The way we communicate visually is evolving rapidly, and people’s expectations are changing in lockstep. Light field cameras offer astonishing capabilities. They allow both the picture taker and the viewer to focus pictures after they’re snapped, shift their perspective of the scene, and even switch seamlessly between 2D and 3D views. With these amazing capabilities, pictures become immersive, interactive visual stories that were never before possible – they become living pictures.

As exciting as adding one more technological capability to the camera may be, such as removing the pesky element of perfectly directed focus (which can be done with Lytro in post-production), it seems this will not be helpful to all. I see this technology as a new tool to help make great photographers take even greater pictures more quickly and more easily. But sadly, this new technology might not be as helpful to all other photographers.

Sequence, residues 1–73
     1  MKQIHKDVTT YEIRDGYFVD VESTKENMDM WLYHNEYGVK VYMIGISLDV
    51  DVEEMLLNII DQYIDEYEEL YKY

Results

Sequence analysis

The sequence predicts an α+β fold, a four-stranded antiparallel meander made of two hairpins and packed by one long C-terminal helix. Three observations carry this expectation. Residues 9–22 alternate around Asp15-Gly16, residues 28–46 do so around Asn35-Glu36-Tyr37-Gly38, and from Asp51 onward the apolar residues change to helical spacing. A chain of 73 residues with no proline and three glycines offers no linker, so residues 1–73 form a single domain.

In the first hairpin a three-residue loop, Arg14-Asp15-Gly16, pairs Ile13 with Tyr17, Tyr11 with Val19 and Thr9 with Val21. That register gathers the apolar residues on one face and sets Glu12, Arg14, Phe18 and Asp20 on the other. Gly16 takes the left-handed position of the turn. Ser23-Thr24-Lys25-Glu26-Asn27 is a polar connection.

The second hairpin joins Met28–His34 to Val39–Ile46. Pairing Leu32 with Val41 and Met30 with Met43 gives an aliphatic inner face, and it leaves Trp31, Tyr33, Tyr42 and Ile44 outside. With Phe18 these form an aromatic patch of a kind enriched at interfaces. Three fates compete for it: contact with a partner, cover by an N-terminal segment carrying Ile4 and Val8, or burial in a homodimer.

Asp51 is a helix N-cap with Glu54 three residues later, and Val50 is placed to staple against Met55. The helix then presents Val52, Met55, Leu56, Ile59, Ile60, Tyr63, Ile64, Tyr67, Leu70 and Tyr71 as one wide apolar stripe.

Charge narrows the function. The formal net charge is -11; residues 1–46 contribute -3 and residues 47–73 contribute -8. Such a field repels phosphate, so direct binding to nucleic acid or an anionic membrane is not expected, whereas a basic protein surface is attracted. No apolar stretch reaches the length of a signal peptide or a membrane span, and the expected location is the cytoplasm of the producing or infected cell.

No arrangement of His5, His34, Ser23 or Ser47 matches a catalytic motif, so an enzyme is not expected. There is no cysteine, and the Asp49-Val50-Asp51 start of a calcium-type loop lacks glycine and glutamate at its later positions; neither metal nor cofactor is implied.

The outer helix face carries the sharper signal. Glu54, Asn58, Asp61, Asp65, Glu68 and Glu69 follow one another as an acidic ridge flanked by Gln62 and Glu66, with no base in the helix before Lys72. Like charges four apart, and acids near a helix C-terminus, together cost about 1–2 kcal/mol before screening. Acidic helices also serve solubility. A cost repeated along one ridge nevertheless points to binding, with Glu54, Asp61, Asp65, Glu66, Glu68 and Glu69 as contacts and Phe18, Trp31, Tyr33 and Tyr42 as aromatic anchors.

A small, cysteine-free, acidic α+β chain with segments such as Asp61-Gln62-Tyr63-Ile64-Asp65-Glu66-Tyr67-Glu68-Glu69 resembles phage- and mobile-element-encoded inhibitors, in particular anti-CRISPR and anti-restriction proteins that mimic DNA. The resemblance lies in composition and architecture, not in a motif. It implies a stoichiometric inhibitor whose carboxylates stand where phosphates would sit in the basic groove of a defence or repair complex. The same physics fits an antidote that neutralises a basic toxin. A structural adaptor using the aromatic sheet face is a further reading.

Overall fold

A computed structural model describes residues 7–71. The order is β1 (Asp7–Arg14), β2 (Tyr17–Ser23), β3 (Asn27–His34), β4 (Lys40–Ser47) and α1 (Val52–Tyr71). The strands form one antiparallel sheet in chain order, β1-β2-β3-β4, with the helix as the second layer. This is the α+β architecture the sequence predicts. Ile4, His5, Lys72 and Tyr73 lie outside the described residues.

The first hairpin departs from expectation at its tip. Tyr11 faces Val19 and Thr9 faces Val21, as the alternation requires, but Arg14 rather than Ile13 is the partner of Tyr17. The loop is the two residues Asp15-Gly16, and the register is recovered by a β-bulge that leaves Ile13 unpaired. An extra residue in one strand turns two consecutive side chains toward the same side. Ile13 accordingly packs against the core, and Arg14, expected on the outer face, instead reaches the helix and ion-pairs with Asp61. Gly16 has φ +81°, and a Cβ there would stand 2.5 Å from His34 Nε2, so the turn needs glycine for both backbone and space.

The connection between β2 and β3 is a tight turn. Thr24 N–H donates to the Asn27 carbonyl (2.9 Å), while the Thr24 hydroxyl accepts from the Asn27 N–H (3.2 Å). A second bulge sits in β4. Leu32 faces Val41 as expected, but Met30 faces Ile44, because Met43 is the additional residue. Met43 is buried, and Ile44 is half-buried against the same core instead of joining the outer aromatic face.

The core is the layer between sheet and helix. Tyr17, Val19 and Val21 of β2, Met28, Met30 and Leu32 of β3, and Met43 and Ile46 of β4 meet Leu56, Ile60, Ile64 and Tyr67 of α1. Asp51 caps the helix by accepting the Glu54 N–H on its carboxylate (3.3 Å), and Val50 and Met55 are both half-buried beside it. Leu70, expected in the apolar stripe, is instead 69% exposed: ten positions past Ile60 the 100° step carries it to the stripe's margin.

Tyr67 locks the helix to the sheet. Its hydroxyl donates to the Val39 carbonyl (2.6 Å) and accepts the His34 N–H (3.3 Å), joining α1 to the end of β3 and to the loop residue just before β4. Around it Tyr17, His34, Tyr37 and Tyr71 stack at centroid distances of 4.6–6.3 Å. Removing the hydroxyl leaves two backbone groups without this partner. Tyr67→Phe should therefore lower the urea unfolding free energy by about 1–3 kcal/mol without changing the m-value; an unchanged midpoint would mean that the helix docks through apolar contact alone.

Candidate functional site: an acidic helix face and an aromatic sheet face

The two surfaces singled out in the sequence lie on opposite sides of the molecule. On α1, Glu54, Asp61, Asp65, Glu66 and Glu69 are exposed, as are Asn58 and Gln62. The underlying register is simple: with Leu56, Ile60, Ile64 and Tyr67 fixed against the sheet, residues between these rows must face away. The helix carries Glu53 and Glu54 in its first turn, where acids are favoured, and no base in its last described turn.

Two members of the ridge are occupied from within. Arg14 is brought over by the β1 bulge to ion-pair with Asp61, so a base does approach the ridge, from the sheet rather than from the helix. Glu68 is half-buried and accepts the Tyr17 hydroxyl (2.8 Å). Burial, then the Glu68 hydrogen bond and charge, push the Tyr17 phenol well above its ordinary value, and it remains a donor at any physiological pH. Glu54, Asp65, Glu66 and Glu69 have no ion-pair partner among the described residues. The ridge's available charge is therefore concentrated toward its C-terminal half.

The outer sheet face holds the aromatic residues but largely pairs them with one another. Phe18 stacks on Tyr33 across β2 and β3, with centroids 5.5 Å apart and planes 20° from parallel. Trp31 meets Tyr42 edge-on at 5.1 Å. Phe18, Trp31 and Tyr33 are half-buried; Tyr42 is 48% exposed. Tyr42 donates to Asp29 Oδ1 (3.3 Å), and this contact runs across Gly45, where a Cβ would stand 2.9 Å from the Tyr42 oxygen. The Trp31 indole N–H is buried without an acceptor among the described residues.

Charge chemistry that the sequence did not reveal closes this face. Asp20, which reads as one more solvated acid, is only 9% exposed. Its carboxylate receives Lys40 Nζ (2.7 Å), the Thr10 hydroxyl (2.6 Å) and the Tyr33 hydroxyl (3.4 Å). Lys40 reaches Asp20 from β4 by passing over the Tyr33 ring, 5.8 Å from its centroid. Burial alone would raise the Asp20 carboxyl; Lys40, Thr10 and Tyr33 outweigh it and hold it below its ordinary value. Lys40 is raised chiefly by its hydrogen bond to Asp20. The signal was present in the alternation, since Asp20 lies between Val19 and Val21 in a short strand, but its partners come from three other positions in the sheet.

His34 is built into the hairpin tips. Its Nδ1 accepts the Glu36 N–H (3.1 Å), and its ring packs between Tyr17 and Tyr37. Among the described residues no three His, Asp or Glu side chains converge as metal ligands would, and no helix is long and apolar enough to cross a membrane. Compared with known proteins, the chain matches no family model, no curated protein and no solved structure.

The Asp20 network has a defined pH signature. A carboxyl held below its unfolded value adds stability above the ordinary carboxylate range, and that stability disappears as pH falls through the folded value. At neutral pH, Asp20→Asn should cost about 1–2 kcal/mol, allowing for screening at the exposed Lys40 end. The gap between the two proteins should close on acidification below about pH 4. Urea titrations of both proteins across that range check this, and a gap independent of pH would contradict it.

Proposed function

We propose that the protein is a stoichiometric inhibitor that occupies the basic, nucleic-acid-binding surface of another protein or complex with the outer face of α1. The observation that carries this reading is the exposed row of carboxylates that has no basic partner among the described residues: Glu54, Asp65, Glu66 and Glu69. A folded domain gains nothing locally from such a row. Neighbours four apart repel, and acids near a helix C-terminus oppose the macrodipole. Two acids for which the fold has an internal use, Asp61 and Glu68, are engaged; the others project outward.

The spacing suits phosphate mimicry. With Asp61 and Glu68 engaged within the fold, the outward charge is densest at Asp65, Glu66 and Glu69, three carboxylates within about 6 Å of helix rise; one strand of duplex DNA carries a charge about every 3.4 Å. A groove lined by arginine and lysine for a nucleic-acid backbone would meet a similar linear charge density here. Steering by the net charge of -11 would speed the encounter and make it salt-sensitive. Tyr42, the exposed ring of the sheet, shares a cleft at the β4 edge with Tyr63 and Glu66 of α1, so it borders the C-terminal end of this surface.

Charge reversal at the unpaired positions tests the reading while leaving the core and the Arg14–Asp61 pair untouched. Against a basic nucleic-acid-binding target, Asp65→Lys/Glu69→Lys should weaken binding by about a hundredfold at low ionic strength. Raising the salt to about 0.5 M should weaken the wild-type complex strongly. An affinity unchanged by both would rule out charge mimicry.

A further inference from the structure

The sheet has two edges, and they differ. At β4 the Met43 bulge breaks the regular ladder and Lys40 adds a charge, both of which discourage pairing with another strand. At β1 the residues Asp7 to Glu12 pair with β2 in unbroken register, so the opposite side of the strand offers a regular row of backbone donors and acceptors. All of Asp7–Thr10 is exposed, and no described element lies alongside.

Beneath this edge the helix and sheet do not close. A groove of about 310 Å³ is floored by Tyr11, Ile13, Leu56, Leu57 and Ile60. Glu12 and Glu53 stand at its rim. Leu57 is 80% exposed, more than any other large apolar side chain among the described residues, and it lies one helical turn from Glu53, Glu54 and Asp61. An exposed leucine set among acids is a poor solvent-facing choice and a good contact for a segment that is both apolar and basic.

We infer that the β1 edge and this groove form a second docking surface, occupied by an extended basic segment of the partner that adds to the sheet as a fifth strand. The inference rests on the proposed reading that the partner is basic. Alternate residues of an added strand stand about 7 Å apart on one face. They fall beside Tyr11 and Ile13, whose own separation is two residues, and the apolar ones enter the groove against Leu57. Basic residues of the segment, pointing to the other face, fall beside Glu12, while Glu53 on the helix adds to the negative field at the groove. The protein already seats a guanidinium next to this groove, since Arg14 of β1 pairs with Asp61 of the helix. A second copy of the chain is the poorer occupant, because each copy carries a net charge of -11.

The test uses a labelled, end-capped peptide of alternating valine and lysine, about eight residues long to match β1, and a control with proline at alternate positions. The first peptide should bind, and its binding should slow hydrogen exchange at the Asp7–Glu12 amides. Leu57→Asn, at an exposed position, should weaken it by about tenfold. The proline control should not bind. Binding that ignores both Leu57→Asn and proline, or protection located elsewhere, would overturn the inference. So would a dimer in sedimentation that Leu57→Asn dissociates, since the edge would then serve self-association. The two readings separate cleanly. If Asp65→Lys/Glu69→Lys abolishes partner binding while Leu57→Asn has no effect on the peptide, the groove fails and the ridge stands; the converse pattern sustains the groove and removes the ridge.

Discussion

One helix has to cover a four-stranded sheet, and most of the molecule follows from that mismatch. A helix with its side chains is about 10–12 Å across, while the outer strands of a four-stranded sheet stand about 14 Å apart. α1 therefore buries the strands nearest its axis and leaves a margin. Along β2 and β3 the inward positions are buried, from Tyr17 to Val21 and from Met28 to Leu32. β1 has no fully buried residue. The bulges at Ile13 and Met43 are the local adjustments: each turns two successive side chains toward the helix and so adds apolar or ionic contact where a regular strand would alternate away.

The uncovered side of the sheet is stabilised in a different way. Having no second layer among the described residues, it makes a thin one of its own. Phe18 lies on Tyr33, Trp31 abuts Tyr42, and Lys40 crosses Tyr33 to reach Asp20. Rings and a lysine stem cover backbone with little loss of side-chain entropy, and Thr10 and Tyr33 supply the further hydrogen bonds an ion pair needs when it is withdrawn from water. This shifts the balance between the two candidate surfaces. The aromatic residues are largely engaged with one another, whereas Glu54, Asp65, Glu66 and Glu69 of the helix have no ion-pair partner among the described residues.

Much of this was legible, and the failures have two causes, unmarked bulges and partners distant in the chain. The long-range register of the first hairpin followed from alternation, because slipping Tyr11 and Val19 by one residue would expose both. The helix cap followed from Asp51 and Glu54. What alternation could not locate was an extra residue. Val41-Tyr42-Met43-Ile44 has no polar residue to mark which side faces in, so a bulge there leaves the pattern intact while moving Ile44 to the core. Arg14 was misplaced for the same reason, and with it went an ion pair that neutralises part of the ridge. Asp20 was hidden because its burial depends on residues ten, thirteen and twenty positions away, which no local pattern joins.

Focus happens to be only one of those things in the entire art and craft of photography, not the only thing. This technology might help get the perfect focus on any part of the picture, but it will not help sharpen the focus of one’s vision.

Written by dominiquejames

June 23, 2011 at 10:35 AM

Shoot first, focus later

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Kai Wong of DigitalRev on Lytro: